The state Supreme Court said Thursday that judges presiding over special John Doe investigations can't force attorneys to take an oath of secrecy.
The high court ruled state statutes governing the John Doe proceedings make no mention of secrecy oaths or orders -- and don't address how the hearings should be kept private.
The justices say that while a judge's powers are broad in a John
Doe, they have limits.
The ruling involves a Waukesha County case in which two attorneys refused to take a secrecy oath.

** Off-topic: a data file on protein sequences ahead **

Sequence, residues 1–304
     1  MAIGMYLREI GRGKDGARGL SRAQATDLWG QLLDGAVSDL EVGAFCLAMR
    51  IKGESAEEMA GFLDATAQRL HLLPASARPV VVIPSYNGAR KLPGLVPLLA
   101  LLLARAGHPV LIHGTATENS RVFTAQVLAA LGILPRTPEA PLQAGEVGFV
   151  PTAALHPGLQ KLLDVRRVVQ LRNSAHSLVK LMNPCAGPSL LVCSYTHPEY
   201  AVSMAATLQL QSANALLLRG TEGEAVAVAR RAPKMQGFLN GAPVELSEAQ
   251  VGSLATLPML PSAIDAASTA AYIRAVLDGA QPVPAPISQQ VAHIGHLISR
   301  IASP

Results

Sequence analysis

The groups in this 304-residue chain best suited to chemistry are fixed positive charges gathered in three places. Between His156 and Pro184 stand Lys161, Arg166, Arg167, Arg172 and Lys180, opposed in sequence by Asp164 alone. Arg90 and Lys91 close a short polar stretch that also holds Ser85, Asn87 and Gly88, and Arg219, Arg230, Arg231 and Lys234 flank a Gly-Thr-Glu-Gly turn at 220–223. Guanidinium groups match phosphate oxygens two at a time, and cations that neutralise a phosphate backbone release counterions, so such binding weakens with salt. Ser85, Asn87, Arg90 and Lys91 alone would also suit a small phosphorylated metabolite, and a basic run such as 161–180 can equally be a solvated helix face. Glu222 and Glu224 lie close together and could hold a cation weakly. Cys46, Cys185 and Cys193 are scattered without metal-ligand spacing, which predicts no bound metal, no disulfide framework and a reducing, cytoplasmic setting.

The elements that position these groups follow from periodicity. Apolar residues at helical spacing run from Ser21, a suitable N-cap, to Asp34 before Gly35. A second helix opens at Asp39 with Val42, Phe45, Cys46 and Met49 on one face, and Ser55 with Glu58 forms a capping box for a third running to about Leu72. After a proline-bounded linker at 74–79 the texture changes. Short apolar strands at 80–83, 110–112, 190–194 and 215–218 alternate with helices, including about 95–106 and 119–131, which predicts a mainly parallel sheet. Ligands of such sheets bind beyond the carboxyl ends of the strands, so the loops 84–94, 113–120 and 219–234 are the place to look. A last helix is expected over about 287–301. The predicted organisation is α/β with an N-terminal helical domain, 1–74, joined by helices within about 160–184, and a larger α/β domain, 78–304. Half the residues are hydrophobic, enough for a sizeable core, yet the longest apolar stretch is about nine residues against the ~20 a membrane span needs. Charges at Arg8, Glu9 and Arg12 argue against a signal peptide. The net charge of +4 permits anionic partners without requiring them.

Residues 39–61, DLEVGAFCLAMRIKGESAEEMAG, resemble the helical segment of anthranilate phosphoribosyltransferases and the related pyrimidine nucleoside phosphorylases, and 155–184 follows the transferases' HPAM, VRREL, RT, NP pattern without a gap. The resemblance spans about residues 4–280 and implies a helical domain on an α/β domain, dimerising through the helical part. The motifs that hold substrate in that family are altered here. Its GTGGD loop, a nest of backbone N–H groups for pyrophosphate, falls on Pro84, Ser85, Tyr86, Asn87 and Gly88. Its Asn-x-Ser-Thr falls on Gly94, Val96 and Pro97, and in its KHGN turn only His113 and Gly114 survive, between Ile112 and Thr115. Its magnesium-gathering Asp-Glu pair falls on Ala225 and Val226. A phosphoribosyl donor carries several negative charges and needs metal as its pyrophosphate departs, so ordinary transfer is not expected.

The bodies of Brian Lazzaro of Mukwonago and Andy Long of West
Milwaukee were found in a western Waukesha County pond in 2002.
The John Doe into the fatal shootings was convened in April 2003.
Circuit Judge J-Mac Davis disqualified attorneys Stephen Hurley and Hal Hawthorne from the John Doe after they refused to take an oath. The attorneys said since a secrecy order was already in place, they didn't need to take an oath. The lawyers appealed and the case was sent directly to the Supreme Court.
(Copyright 2005 by The Associated Press. All Rights Reserved.)
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